Middle-Grade Friendships

The Friendship Lie by Rebecca Donnelly

Publication Date: August 1, 2019

Summary from NetGalley:

Cora Davis’s life is garbage. Literally. Her professor parents study what happens to trash after it gets thrown away, and Cora knows exactly how it feels–to be thrown away. Between her mom and dad separating and a fallout with her best friend, fifth grade for Cora has been a year of feeling like being tossed into the dumpster. But Cora has learned a couple of things from her parents’ trash-tracking studies: Things don’t always go where they’re supposed to, and sometimes the things you thought you got rid of come back. And occasionally, one person’s trash is another’s treasure, which Cora and Sybella learn when they come across a diary detailing best-friendship problems. Told in two intertwining points of view, comes a warm, wry story of friendship, growing up, and being true to yourself. Written by Rebecca Donnelly, author of How to Stage a Catastrophe (an Indies Introduce and Indie Next List honoree), The Friendship Lie will speak to any reader who has struggled with what to hold on to and what to throw away.

ARC provided by Capstone via NetGalley for an honest review.

Confession:

It is often so hard for me to tell with ARC’s how much more work the publisher’s and authors might do on a book before publishing. This one could have done with a bit more polishing which I hoped it received because at it’s core it is a very good story that I think kids will enjoy.

What went right:
  • Both Cora and Sybella are very engaging kids. You could tell that they just had that bond that will keep them friends even through the tough times.
  • I really liked Kyle, Cora’s twin brother. He was such a delight throughout the whole book.
  • Marni is the new girl, who is very annoying and is the instigator of the whole troubles. I think kids will sympathize with her.
  • I enjoyed learning more about garbage and recycling. A message that many still need to hear. It was done in some pretty neat ways as well, such as their birthday presents being wrapped in plain paper as opposed to wrapping paper.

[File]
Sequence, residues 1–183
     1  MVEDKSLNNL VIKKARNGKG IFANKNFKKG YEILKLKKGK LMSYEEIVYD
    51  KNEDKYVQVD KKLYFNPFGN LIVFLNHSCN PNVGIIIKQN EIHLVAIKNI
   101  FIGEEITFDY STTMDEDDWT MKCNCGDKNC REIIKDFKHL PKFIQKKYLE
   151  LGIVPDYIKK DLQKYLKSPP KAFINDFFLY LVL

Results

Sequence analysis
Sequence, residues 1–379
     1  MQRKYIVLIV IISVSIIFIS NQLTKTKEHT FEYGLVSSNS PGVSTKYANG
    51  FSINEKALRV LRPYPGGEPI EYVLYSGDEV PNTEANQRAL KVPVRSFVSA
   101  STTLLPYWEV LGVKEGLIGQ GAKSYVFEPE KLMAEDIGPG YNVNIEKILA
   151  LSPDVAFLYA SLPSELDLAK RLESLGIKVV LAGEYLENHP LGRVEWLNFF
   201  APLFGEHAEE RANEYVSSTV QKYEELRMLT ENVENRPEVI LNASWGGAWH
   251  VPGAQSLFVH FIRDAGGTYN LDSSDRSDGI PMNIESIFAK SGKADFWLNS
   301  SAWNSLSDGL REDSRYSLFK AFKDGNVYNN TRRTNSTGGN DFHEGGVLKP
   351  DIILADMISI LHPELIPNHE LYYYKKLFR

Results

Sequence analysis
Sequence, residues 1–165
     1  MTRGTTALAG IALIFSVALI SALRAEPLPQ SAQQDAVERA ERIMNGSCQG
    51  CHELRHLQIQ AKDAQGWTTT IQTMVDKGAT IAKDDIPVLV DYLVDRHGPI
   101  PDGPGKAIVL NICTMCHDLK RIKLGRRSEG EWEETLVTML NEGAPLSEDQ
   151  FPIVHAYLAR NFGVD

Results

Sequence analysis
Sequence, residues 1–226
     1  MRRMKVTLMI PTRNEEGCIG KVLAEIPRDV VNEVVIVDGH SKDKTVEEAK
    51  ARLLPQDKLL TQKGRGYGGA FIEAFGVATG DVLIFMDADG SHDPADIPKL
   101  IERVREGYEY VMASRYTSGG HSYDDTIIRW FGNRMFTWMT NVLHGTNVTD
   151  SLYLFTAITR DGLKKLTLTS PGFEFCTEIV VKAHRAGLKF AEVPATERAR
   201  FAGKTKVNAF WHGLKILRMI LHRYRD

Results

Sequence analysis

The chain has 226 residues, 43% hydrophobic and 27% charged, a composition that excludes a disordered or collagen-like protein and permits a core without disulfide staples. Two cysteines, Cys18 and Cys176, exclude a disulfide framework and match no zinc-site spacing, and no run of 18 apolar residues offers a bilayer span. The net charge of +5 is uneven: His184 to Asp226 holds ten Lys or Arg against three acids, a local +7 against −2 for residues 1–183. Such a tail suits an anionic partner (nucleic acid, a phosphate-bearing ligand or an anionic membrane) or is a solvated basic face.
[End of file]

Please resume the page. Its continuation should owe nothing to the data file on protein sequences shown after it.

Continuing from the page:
• Although we don’t hear a lot about their imaginary world Aquafaba, what we do know was a lot of fun and quite imaginative. I think 5th graders will like to know that it is still ok to imagine.
  • The friendship drama was well done and the message of having to admit things when you are wrong was done with just the right amount of emotions.
What went wrong:
  • I mentioned above that I liked the recycling message that the book had and I do, but it was pushed maybe just a tad too much. It was pretty constant in everything these kids did.
  • There was a constant switching back and forth in the timeline without much warning. This I think is a formatting issue too, as sometimes there wasn’t a break in the text. Better chapter headings would help with this.
  • This next point is a bit hard without spoiling, but the whole diary thing just didn’t work for me and it didn’t really seem to mesh with the overall plot of the story. It did help Cora come to the conclusion that she needed to apologize to Sybella, before it was too late.

Overall this was a good story, it just needed a little bit more work to smooth out the edges. I think though that kids will like and appreciate that the author has captured what it is like to be that age and to have friendship troubles.

One thought on “Middle-Grade Friendships

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